Thursday August 22, 11:00-11:30 CEST, Auditorium 2 (1441-112)

Anna Dobrosovestnova, Technical University of Vienna, Austria

Anna Dobrosovestnova background is in semiotics, culture studies and cognitive science. Her current work at the intersection of human-robot interaction (HRI), science and technologies studies (STS) explores situated interactions with robots in public spaces and in service sectors, with a focus on social and affective dimensions.

Felipe Gonzalez T. Machado, University of Vienna, Austria

Felipe Gonzalez T.  Machado explores the intersection between cognitive science (4E cognition), existential psychology, and political economy. By combining those disciplines, he investigates topics such as social cognition and political polarization. 

Tim Reinboth, University of Vienna, Austria

Tim Reinboth is a multi-disciplinary scholar and science journalist. His current interest is in curious interactions of technology and society. 

Digital Shadows: Exploring the Other and the I in Communication with Thanabots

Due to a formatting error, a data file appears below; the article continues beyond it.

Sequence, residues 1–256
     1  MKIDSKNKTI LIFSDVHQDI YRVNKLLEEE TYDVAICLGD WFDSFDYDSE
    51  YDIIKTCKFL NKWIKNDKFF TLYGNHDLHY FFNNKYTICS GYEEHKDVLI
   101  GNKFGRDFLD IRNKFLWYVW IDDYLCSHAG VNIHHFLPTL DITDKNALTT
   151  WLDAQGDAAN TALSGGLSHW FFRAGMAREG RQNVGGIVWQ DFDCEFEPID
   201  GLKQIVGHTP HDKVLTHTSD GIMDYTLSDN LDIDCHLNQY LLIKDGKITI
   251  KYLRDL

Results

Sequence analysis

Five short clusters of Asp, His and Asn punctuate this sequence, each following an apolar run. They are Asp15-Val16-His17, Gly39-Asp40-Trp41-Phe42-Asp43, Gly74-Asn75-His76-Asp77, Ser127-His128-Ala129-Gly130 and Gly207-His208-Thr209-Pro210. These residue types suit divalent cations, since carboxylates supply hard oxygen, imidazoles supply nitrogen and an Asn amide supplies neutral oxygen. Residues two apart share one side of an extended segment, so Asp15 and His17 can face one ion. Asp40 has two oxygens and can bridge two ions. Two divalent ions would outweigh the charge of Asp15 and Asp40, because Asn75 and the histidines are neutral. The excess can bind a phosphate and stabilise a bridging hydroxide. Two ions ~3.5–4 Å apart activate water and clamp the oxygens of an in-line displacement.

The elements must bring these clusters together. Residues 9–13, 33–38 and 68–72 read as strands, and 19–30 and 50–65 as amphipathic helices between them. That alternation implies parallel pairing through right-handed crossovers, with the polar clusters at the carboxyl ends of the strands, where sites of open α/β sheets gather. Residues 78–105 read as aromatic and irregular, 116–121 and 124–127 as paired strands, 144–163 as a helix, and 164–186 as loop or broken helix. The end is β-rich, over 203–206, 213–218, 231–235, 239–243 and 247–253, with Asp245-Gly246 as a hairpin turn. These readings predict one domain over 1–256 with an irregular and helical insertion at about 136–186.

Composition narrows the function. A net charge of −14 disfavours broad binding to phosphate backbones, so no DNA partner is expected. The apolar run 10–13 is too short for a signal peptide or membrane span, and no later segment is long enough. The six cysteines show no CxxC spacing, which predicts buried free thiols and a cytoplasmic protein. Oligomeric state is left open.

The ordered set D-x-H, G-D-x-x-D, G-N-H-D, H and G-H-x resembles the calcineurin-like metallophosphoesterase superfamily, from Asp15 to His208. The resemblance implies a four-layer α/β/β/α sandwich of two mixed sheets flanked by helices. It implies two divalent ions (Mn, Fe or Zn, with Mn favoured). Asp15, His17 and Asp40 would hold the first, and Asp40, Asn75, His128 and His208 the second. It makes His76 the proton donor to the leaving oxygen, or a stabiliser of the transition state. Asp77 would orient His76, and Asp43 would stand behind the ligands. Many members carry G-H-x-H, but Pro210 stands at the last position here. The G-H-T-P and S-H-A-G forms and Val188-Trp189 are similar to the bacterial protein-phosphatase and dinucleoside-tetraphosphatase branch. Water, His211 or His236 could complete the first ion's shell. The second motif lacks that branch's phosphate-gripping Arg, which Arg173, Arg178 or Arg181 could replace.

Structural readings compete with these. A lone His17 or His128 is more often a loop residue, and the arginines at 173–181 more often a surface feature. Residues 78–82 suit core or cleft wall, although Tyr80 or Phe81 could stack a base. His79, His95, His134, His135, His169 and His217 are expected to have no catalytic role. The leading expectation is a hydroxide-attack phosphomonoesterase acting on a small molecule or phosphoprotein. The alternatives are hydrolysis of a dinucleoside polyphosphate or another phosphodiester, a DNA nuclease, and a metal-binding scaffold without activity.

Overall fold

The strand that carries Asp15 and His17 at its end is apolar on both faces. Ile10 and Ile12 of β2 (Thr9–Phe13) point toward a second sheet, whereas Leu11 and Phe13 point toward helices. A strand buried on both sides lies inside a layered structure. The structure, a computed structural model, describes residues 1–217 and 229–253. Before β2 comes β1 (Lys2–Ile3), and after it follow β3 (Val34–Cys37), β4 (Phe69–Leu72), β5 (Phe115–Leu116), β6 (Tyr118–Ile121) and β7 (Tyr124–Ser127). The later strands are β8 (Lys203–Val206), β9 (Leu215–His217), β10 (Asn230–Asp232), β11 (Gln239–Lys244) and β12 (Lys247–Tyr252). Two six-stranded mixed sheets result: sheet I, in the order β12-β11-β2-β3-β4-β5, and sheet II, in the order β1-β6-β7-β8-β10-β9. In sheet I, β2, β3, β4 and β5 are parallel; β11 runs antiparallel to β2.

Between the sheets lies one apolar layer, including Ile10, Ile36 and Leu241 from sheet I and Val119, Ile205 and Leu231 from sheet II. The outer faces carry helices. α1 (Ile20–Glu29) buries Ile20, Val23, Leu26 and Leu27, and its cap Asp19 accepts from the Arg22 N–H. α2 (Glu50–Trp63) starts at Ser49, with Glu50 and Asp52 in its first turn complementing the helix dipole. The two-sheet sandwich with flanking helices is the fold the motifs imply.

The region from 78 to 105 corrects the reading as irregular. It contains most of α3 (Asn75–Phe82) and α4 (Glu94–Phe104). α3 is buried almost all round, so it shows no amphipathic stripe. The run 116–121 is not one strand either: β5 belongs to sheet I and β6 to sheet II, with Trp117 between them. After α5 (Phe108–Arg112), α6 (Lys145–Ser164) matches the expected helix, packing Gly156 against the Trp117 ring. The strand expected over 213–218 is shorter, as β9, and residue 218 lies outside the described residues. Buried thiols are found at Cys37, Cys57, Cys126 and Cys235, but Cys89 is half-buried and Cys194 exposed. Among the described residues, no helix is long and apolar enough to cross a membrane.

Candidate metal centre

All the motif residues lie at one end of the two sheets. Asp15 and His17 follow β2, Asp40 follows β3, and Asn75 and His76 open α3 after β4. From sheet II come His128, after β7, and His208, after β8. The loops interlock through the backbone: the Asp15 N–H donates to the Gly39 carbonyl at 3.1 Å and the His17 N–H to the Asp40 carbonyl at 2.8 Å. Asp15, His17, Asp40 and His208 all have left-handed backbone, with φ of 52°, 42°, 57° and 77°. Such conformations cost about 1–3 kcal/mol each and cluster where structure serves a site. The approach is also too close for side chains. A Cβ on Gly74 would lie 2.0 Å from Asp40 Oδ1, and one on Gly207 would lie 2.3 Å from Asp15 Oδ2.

The development of large language models (LLMs) has led to the proliferation of chatbot services like ChatGPT, Replika and Project December further contributing to technologically mediated grief. Called variously griefbots, or thanabots, the postulated aim behind these technologies is to help people deal with the loss of their loved ones. Despite hype around these technologies in the media, little is still known about the actual mechanisms of how thanabots contribute to grieving. This paper contributes to answering this question by offering an interpretation of communication with thanabots through the prism of Yuri Lotman's autocommunication model. We start by examining how a thanabot can be framed as a communicational `other'. Then we draw on phenomenology of grief literature to delineate the boundaries of such ``otherness''. In line with the Lotman's auto-communication model, we proceed to argue that conversing with a thanabot can be viewed as an instance of `I--I' communication. Within this model, the bot functions as a secondary code that allows for new meaning to arise in the process of communication and, consequently, for a bereaved person to renegotiate their new identity in the face of loss. 

Thursday August 22, 11:35-12:05 CEST, Auditorium 2 (1441-112)

Salla Jarske, Tampere University, Finland 

Salla Jarske has been working on her doctoral dissertation concerning social robotics since 2020 in Tampere University. The dissertation adopts a critical and interdisciplinary approach to social robotics, combining technology design practices and ethnomethodological perspectives from the social sciences.  

Kirsikka Kaipainen, Tampere University, Finland